Unfortunately we all know that we can’t put everything what we are working in, on a simple blog, I have to understand this since years ago when I worked at some government department. But I can show what I am doing now just for fun and for registry to me in the future.

we were had some problems here, especially when we’d need to try validate a lot of forms that involved things like UITextField, UISegmentedControl, etc. To solve this issue I had to create one class with methods like:

.insert(object, checkType, labelError, errorMessage) // magic goes here.
.showErrors() // print on screen all erros like below
.count() // return the quantity of erros below
.result() // return if all tests are passed or no.

and the code is easily readable:

@IBAction func onActAll(sender: AnyObject)
{
    if ruleThis.result() == false {
        ruleThis.showErrors()
    } else {
        print("Do your segueway or something after success.")
    }
}

You set a trigger for validation, here a button to Next Screen. Then you assign function pointers to the stack os Validations.

override func viewDidLoad() {
    super.viewDidLoad()

    ruleThis.insert(object: textFieldCPF,
        function: checkIfCPFisValid, errorLabel: labelMessageCPF,
        errorMessage: "CPF inválido, sua mensagem personalizada aqui.")

    ruleThis.insert(object: textFieldPassword,
        function: checkIfPasswordIsValid, errorLabel: labelMessagePassword,
        errorMessage: "Sua senha não preenche os resquisitos mínimos de segurança, tente novamente")

    ruleThis.insert(object: textFieldInputCEP,
        function: checkIfCEPisValid, errorLabel: labelMessageCEP,
        errorMessage: "Este CEP não é válido")

    ruleThis.insert(object: segmentedOption,
        function: checkIfIsSelected, errorLabel: labelMessageSegmented,
        errorMessage: "Por favor selecione uma das opções.")
}

Then you make a function validation to the object assigned. This coule be simple as

func checkIfTextIsBlank(obj: AnyObject?) -> Bool
{
    var result = false

    if let object = obj as? UITextField {
        if !object.text!.isEmpty { // if is not nil.

            result = true
        }
    }

    return result
}

or a little more complex like this (a validation check for social number in Brazil), validating screen in iOS with and the results are below:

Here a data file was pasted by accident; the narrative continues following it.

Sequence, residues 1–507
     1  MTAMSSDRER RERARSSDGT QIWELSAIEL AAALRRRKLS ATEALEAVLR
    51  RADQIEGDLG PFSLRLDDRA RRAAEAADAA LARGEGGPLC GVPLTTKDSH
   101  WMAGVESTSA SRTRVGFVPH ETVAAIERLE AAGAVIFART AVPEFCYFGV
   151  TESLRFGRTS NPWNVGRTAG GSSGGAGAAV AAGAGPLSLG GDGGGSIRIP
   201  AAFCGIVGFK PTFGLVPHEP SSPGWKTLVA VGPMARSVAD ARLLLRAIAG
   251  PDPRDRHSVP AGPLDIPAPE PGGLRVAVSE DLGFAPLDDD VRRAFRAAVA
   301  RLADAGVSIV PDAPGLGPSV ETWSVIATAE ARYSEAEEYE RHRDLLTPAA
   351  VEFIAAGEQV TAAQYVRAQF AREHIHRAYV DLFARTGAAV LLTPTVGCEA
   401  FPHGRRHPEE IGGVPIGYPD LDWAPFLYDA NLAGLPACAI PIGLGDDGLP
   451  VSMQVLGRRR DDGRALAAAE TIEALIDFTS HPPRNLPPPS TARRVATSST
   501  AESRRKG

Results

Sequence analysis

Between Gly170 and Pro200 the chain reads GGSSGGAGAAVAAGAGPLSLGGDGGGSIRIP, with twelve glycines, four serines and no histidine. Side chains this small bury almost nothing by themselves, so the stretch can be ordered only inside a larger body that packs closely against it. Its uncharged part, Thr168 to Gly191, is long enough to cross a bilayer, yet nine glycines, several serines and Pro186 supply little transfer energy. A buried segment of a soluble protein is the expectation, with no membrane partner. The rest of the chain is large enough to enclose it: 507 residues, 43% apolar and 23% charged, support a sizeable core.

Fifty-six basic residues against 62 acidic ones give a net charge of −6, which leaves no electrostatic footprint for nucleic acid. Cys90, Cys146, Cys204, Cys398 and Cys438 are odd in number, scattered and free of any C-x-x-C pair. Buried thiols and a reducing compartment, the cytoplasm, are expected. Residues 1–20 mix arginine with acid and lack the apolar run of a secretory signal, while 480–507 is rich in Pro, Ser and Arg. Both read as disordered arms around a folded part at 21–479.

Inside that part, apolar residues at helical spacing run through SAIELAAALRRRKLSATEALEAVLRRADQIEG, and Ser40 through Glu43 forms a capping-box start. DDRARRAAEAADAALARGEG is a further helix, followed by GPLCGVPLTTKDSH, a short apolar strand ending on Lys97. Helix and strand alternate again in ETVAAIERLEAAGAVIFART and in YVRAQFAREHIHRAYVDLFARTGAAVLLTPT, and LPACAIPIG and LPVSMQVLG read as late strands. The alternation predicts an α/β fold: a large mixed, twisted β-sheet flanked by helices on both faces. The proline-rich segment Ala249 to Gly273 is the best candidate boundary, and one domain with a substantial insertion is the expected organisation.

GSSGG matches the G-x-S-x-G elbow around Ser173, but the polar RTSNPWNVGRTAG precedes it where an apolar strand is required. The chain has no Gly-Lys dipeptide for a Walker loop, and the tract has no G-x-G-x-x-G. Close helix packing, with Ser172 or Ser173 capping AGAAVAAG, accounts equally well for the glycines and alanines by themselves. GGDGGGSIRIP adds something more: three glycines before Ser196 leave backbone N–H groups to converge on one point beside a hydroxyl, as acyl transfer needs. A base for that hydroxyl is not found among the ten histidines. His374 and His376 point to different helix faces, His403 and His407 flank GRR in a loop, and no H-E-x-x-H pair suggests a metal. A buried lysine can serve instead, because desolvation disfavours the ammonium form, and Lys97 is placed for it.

// algoritmo: res1 = sum(digits[0-9] * 10...2) % 11; res2 = sum(digits[0-10] * 11...2) % 11

// if (digit10 == res1 && digit11 && res2) { cpf valido }

func checkIfCPFisValid(obj: AnyObject?) -> Bool
{
    var input: String = ""

    if let object = obj as? UITextField {
        input = object.text!
    }

    if (input.isEmpty) {
        return false
    }

    let cpf = input.characters.filter{"0123456789".characters.contains($0)}
    if cpf.count == 11 {
        let digitTen = (Int(String(cpf[9])) ?? 0)
        let digitEleven = (Int(String(cpf[10])) ?? 0)

        var resultModuleOne: Int = 0, resultModuleTwo: Int = 0, realValue: Int = 0
        var i: Int = 0, j: Int = 11
        for index in 0..<cpf.count-1 {
            realValue = (Int(String(cpf[index])) ?? 0)
            resultModuleTwo += (realValue * j)

            if (i > 0) {
                realValue = (Int(String(cpf[index-1])) ?? 0)
                resultModuleOne += (realValue * j)
            }

            i++; j--;
        }

        resultModuleOne %= 11
        resultModuleOne = resultModuleOne < 2 ? 0 : resultModuleOne-11

        resultModuleTwo %= 11
        resultModuleTwo = resultModuleTwo < 2 ? 0 : resultModuleTwo-11

        if (resultModuleOne == digitTen && resultModuleTwo == digitEleven) {
            return true
        }
    }

    return false
}

let cpf: String = "fdasfdfsdf352353"
let ret: Bool

ret = checkIfCPFisValid(cpf)
print ("\n\nret is '\(ret)' and cpf if '\(cpf)'")
if (!ret) {
    print ("CPF é inválido")
} else {
    print ("CPF é válido!! :-)")
}

](https://mulatinho.files.wordpress.com/2016/03/rulethis.gif)

For me the results are cool and work! I really enjoy work with Swift. :)